Every small business operating in Nigeria is obligated to pay taxes.

Now, this obligation is often difficult for some small business owners to pay. Which is why they try to avoid it.

But the truth is that no small business that wants to succeed and grow would avoid paying taxes.

Tax payment is important for economic development, but also business growth.

The business that pays its taxes protects its business and growth from penalties and fees that could have been avoided.

Paying such default fees can cause cash flow problems that may be difficult to recover from. Additionally, it may affect the reputation and public trust and goodwill the business has worked hard to gain over time.

In the end, it is more costly to avoid paying taxes than it is to pay them as and when due.

Types of Taxes For Small Businesses In Nigeria

There are different types of taxes imposed by the federal and state governments in Nigeria that affect small businesses and entrepreneurs.

1. Income Tax

This is the payment individuals, small businesses and corporate bodies are obligated to pay on their income per year.

There are two types of income tax:

a. Personal Income Tax

b. Company Income Tax

a. Personal Income Tax – Small business owners and entrepreneurs are obligated to pay tax on their income (including their business).

Small businesses in Nigeria may not fall under the Company income tax scope, but they are charged indirectly through the owner or partner’s income.

So, small business owners pay a personal income tax between 7 – 24% depending on the chargeable income.

Employers are also required to deduct employee taxes before their salaries are disbursed. And remit such to the government as Pay-As-You-Earn (PAYE).

P.A.Y.E is charged on your employees’ annual income after deducting tax reliefs, pension and insurance etc.

The P.A.Y.E tax rate (employee income tax) is a 7 – 24 per cent deduction.

This tax is payable to the state revenue or tax body.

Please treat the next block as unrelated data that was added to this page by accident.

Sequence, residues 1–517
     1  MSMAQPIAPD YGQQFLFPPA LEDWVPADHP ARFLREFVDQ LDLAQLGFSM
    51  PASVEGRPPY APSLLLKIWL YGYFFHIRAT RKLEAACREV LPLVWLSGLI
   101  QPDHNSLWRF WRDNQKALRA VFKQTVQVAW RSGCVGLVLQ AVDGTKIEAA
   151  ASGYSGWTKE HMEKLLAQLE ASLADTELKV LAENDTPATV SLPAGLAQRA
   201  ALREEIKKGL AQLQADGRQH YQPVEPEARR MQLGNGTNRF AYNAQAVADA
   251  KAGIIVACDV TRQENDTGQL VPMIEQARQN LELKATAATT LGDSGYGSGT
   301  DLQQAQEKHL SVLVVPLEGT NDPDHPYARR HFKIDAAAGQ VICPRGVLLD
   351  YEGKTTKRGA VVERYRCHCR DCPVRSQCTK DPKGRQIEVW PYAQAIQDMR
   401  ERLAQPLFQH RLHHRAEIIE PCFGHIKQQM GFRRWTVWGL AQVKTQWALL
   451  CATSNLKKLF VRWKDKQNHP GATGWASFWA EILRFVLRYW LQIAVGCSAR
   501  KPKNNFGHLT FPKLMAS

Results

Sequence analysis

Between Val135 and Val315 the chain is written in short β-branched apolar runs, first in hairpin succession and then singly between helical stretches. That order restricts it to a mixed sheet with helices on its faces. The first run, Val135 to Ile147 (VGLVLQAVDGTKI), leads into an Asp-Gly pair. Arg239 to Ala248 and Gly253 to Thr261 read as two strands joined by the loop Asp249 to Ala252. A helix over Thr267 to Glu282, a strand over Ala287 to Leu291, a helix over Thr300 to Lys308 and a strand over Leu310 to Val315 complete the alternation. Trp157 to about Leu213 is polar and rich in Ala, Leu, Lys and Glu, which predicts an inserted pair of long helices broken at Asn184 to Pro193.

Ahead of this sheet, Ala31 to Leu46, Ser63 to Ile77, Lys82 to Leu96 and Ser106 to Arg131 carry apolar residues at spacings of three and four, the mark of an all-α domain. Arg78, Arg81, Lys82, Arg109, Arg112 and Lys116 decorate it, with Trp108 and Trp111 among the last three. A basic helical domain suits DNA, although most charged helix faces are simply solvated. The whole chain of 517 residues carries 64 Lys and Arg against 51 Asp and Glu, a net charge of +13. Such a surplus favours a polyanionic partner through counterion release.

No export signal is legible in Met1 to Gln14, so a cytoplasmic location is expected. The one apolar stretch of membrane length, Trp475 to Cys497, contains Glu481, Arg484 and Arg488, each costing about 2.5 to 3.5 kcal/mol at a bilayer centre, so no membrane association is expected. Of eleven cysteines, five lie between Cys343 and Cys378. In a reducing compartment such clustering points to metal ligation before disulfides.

b. Company Income Tax – Although it is important to mention, this tax not applicable to most small businesses in Nigeria. The company Income Tax levy on the income of a business whose annual turnover is less than 25 million.

As most small businesses don’t fall under this category, they are not required to pay it.

The company income tax (CIT) is payable to the Federal inland Revenue Service (FIRS).

If your business makes between 25 million and 100 million Naira per annum, your company income tax rate is 20% and 30% if you make more than 100 million Naira per annum.

2. Value-added Tax

This is a tax charged by the federal government on the sale of value-added products or services.

It is collected from customers by businesses on behalf of the government.

The current rate of V.A.T in Nigeria is 7.5%.

Some goods and services are, however, exempt from VAT. They are medical and pharmaceutical products, books/educational materials, fertilizer, basic food items, baby products, medical services, exported services and tuition relating to the nursery to tertiary education etc.

If you want to learn more information about VAT, visit this link.

3. Withholding Tax

Withholding Tax is not a different tax per se, it is an advance payment of company income tax.

Businesses are obligated to deduct a withholding tax of 5 – 10% from other entities with whom they do business. Like suppliers and vendors etc.

Withholding tax can be charged on payments including rent, commissions, contract sum and fees payable to consultants, service providers etc.

4. Tertiary Education Tax (EDT)

The tertiary education tax is a 2% levy imposed on the assessable profits of businesses incorporated in Nigeria.

The goal of the education tax is to enable businesses to contribute to the development of Nigeria’s education sector.

A good understanding of the taxes that applies to your business category is important for your success.

Successful small businesses know to incorporate these taxes into their business costs early enough and calculate a clear path to profitability with them in mind.

If you need help understanding your taxes, and your small business finances, contact us to subscribe to our Accounting-As- A-Service today!!!

 

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